[OS X TeX] Problem with Printing --> Now: Document Types

Maarten Sneep maarten.sneep at xs4all.nl
Thu Nov 17 15:55:52 EST 2005

On 17 Nov 2005, at 2:19, Marcus Michalsky wrote:

> But I have another thing. Is there any good doc or can somebody  
> explain the document types ?
> I mean, what is DVI, PS, PDF, Metafont... How did it all work. Is  
> PDF only a container (because it needs the fonts...) Some kind of  
> vector graphics ?

dvi: DeVice Independent, the original binary output created by TeX.  
Remember, TeX is older than PostScript, and it needed some format to  
write to, without being tied to a specific typesetting engine or  
printer. div files contain only the positions of the elements  
(characters, included figures) on a series of pages. The need the  
external files (fonts, and figures) to display properly.

PS: postscript, a page description language created by Adobe. The de- 
facto printing standard. PostScript is a complete programming  
language, which has advantages and disadvantages (yes, you can write  
a worm in PostScript). The figures are included into the file, fonts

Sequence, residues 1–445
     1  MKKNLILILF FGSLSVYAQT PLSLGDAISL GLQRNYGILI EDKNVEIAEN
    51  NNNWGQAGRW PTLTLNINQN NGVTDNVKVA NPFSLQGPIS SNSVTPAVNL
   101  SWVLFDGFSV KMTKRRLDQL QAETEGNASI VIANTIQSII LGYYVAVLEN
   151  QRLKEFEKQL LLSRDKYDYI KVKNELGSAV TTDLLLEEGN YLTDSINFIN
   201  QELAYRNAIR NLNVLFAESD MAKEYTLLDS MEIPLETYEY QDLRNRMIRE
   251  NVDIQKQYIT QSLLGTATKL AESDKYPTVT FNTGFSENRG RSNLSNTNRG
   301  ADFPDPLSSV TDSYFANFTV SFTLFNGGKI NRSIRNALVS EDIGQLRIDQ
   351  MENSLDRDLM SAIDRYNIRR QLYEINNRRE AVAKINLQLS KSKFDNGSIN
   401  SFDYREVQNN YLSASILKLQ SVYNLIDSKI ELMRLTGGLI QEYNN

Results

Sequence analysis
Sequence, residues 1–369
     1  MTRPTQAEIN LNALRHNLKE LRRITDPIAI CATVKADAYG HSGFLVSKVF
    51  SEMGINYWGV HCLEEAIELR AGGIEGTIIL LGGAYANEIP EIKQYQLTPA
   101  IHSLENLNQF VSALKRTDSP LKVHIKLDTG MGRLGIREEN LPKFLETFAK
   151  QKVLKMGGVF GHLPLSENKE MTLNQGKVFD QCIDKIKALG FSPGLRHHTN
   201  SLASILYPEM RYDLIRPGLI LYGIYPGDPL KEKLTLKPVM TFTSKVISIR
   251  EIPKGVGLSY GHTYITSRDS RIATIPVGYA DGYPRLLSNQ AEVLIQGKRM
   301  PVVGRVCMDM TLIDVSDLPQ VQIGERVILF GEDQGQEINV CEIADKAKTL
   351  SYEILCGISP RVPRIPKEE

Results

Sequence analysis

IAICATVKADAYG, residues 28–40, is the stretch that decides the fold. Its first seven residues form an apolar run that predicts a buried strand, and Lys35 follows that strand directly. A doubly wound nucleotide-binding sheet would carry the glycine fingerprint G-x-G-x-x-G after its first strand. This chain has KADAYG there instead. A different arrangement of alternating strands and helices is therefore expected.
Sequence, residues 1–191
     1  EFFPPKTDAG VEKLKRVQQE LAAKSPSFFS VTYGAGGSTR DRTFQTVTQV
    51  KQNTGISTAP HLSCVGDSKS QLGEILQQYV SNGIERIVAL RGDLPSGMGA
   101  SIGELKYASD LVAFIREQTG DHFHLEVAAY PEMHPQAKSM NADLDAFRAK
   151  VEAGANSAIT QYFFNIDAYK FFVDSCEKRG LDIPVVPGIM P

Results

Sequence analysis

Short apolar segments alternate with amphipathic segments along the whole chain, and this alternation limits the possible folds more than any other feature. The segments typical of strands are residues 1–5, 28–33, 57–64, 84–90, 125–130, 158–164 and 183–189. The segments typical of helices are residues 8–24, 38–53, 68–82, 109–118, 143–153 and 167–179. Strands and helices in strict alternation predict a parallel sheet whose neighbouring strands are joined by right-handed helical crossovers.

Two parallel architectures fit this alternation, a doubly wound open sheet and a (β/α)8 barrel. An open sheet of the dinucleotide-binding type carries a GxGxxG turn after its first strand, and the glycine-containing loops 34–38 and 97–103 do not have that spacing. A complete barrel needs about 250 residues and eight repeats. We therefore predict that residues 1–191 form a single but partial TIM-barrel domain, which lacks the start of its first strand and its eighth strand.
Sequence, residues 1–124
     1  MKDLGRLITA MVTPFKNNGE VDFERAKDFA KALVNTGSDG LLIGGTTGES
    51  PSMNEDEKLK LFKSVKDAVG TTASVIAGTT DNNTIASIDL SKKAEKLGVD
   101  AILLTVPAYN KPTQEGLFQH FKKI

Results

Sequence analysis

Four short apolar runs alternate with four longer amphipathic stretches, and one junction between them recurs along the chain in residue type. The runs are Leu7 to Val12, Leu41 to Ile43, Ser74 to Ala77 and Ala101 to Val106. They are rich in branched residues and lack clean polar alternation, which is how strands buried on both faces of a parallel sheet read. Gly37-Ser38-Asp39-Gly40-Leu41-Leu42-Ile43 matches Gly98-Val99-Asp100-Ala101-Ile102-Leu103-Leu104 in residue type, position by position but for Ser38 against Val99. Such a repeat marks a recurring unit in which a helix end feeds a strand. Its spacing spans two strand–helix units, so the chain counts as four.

can be included, but can be external as well.

PDF: a form of postscript that is easier to handle: it isn't a  
programming language, and the structure differs, but the drawing  
commands are very similar. All bits should be included, but a small  
set of fonts (the "base 14") should not be included, they are assumed  
to be available on the reader (Times, Helvetica, Courier, Symbol in  
roman, bold italic and bold-italic, I think I've missed one).

Metafont: apart from a typesetting language (TeX), Donald Knuth wrote  
his own fonts (Computer Modern) in his own typeface design language.  
Traditionally it produces bitmapped output, less than ideal for the  
current interactive displays (the fuzzy fonts in (older) versions of  
Acrobat. The language is very powerful, and different fonts can be  
created starting from the same sources, by just changing some  

MetaPost: a dialect of metafont, a drawing language to create figures  
for inclusion in TeX documents.

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